I've heard it said that the New Year is an opportunity for a new start on old habits. It's not the case for me this year. My resolution is to make progress in getting back into shape. Last year, my resolution was to drive by the new gym that opened in my neighbourhood at least three times each week. I kept that resolution, although I didn't actually look at the gym when driving by. This year, my resolution is to actually stop at the gym.
If you're short on ideas for your own New Year's resolution, make a commitment to improving your life financially. Not sure how to do that? Here are what I consider to be the top five opportunities for anyone looking to get their financial house in order.
1. Create a pension.
Not everyone has the luxury of participating in a pension plan at work. And even those who do are less likely today than ever to have a defined-benefit pension plan. The bottom line? Having enough money to retire is less of a certainty today than ever. You've got to take responsibility for answering the question, "How much will I need to retire and how am I going to accumulate it?" Treat this like a project, and if you need help, consider contacting a trusted financial adviser. Understand that creating a pension may have to start with creating a budget if you're spending more than you're earning each year. Think about your registered retirement savings plan (RRSP) and tax-free savings account (TFSA) as the vehicles to use to get started.
2. Own a home.
Past surveys by Statistics Canada have shown that those who do not own their homes were much more likely to claim to have inadequate resources to retire. You might think that it's because these folks don't have adequate resources that they don't own a home. Experience has shown, however, that home ownership is an excellent forced savings program. With every mortgage payment you make, you can build equity in your home. That equity only increases further if you own the property for the long term and it increases in value. Renting may be necessary or appropriate in the short term, but home ownership should be a long-term goal for most.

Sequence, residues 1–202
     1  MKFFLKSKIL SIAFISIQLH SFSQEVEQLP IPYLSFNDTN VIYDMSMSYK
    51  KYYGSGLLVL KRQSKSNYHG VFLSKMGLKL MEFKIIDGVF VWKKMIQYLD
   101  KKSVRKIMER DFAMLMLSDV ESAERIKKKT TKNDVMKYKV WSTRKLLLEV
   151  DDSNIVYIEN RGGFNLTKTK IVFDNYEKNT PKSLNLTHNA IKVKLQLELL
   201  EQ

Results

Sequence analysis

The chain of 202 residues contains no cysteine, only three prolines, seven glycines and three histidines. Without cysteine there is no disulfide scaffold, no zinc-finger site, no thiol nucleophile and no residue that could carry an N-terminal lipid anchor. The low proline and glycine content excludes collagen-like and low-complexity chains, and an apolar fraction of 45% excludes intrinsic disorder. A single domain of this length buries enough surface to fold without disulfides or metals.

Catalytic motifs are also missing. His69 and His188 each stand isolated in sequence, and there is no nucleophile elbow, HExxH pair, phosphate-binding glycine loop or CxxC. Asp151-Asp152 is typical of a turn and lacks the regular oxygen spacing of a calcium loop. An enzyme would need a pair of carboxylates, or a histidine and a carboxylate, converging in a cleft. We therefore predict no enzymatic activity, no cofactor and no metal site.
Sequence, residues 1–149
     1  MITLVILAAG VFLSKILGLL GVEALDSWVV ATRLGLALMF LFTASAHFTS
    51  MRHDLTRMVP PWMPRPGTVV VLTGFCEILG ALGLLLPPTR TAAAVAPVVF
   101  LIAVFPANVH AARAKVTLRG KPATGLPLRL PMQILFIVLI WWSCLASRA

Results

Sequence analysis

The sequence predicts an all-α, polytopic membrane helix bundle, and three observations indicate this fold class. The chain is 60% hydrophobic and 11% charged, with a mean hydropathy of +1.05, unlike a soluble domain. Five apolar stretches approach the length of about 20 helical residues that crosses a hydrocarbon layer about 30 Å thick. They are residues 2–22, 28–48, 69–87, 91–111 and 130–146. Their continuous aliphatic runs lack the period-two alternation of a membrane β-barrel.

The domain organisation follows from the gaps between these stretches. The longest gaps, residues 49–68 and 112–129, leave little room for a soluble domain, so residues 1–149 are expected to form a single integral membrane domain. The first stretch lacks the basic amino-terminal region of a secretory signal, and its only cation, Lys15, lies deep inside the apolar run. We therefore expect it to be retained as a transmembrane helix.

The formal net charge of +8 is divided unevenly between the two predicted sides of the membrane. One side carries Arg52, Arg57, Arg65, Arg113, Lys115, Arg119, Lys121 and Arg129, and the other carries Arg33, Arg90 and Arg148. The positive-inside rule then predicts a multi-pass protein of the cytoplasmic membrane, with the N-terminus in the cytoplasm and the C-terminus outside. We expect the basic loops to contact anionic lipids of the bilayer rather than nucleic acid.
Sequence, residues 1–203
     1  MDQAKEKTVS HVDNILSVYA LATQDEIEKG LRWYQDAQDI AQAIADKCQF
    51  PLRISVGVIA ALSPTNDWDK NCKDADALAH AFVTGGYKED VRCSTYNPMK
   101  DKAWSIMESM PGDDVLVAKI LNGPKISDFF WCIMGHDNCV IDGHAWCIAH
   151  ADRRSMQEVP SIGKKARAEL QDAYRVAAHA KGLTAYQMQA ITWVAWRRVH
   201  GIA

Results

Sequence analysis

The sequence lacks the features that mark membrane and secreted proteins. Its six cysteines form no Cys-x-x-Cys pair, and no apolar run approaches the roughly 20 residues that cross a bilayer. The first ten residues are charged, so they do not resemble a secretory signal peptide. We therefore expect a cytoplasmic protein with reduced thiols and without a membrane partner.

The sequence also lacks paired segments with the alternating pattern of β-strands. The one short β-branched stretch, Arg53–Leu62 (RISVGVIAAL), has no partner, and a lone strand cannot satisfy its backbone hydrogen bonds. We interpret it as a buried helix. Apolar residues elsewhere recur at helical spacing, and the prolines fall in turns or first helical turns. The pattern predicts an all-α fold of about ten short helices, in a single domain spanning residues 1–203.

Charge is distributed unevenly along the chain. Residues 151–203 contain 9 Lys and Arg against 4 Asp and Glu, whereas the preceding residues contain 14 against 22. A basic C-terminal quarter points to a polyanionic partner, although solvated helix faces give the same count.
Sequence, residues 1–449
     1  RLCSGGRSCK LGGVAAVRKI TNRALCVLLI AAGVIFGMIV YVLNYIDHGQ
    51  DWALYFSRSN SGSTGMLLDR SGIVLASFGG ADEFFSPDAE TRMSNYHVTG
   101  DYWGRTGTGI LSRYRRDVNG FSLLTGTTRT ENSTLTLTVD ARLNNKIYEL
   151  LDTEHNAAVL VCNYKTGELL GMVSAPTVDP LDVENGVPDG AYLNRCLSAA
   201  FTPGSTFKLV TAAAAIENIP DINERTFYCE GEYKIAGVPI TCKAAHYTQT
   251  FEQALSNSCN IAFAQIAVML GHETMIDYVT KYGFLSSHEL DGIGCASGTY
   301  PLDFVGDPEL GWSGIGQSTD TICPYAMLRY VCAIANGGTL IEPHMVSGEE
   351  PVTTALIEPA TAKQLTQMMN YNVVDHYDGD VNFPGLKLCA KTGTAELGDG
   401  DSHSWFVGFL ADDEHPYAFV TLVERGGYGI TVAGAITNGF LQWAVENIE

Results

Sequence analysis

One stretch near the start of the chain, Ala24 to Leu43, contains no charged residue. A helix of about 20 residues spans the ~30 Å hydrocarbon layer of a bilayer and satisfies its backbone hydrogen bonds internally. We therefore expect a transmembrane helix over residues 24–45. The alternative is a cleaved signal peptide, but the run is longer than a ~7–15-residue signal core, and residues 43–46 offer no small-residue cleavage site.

3. Pay down debt.
A recent Canadian Financial Capability Survey showed that two-thirds of Canadian households had outstanding debt that averaged $114,000. It's important to realize that every dollar of debt you pay down does create a return equal to the after-tax interest cost you've been paying. For example, if you have a non-deductible loan at, say, 5 per cent, then paying down that debt will effectively achieve a 5-per-cent after-tax rate of return. And that return is guaranteed. Where else can you achieve guaranteed rates of return like this? Pay down your "bad" debt first. This is debt with a high rate of interest, where you've borrowed for personal consumption, and the interest is not deductible. Credit cards come to mind here.
4. Start a business.
I'm not suggesting that you should give up your day job to become self-employed. Creating a successful business that will fully provide for your costs of living is a tough thing to do. But even a part-time business can create the opportunity for extra income that could be very tax-efficient. How so? You'll be entitled to claim a deduction for any reasonable costs incurred for the purpose of earning income, including things you're paying for anyway, such as car expenses, and home costs such as a portion of utilities, maintenance, insurance, property taxes and mortgage interest. Starting a business will also allow you to split income with family members by paying them salaries or wages to work in your business.
5. Stay married.
Okay, I realize that this can be tough if there has been a break-down in your marriage. Talk to anyone who has been through a separation or divorce, though, and it won't come as a surprise that Statistics Canada shows that these folks are far more likely to feel inadequately prepared financially for retirement and do in fact have significantly greater financial struggles. While it may not be easy work to stay together, give thought to what you might do to help create a marriage that works for the long term. There are all kinds of potential benefits, and the financial benefits are just one.
What will be your New Year's resolution this year? Getting in financial shape may be the best priority for 2015.
Tim Cestnick is president of WaterStreet Family Offices, and author of several tax and personal finance books.